However, another phenomenon came to be developed on the Antebellum plantations which was really representative of the types of beliefs one could find in Africa; it was the genuine epitome of a key figure in African communities, which performed a similar role among the slaves: this figure was known in the United States as the conjurer. The practice of conjuration was in fact the reflection of many converging influences: it could be linked with the medicine-man in Africa, the doctor-sorcerer who healed and advised the community, or the shaman who fulfilled more or less the same role among the Indians in America, and who came to be very helpful as far as the use of local plants and medicine was concerned, and finally it was also in keeping with some aspects of European Christianity. Conjuration in the New World context thus should not be confused with the English term which restricted it to an entertaining magical practice. It had here a fuller meaning as a living witness to the Africans’ experience of slavery in America. Contrarily to the many accusations which relegated it to the rank of superstitions, one has to take the slave’s point of view in order to understand how this type of belief was actually deeply rooted in the African worldview. It was part of the slaves’ eschatology and was thus harder to eradicate. Moreover, it was more difficult for the slaveowners to try and control it, for a belief is something which cannot be exteriorized and which the slaves could practice freely, as opposed for example to African drumming, singing, dancing, or even God worshipping which might have required the use of some external artifacts. The slaves’ folk beliefs were thus a shelter, somewhere they could hide and take refuge in order to escape the oppression of slavery. They were comforted by the fact that the master, who had their bodies at his disposal, could not possess and enslave their minds; so that this retention of African cultural traits was in a certain way a covert means of resistance to slavery, a way for the slave to refuse the total domination of the white man and of his culture.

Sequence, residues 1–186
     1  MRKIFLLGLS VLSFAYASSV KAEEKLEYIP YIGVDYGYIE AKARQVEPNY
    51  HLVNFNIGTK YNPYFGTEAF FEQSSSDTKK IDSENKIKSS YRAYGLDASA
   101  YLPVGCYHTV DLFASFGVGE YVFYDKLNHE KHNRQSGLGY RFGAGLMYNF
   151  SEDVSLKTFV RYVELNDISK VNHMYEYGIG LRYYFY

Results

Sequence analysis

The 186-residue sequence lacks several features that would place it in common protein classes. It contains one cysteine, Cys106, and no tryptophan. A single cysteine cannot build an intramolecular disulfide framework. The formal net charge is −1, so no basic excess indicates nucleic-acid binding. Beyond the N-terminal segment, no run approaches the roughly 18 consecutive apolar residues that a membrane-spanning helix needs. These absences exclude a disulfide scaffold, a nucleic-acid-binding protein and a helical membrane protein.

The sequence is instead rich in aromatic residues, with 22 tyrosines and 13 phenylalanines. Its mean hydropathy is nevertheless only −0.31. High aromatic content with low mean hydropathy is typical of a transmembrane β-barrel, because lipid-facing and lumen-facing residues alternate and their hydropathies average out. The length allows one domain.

This study of the conjurational practices in the Antebellum South is thus a clear example of the process of assimilation and acculturation enslaved Africans were faced with. Moreover, the subject is quite original in that it focuses on the United States, where the culture of black people has been said so often to be deprived of any African influence.

To bring this subject into light, we shall thus start to study the general religious background which brought the slaves to fashion this belief in conjuration; that is to investigate their African environment: their geographic origin, as well as the eschatology they brought to the New World; to examine the milieu of the plantation in which they evolved and the religious context of the Antebellum South from 1808 to 1865; and to show how those two came into contact, were blended and gave shape to new forms of religions. We shall then see that in the United States, the African survivals were rather found under the form of folk beliefs than of established religious practices, the main form of belief being conjuration, which was so pervasive in the slaves’ minds that it could be defined as a religious act. Finally, we shall examine the significance of such a belief, how the conjurer was thought of as a leader on the plantation, how this figure of authority represented a means of survival for the slave and how this glorification of the conjurer was then epitomized in the slaves’ folk tales, another form of African survival.


Part ONE:





The African background


a) The geographic origin of the slaves

Methodological approaches for slave studies

In order to have a better understanding of slavery in America and more particularly of the slave culture, it is necessary to inquire first into the African background and environment from which the slaves were torn. This approach has been elaborated by the revisionist interpretations on slave studies, which stressed the link between the diaspora and the mother country. Indeed, to put the emphasis on Africa and on the "African-ness" of the slave is a good way to discard the racial designations and stereotypes the masters had imposed on the slaves and to distinguish them as individuals with historical identities.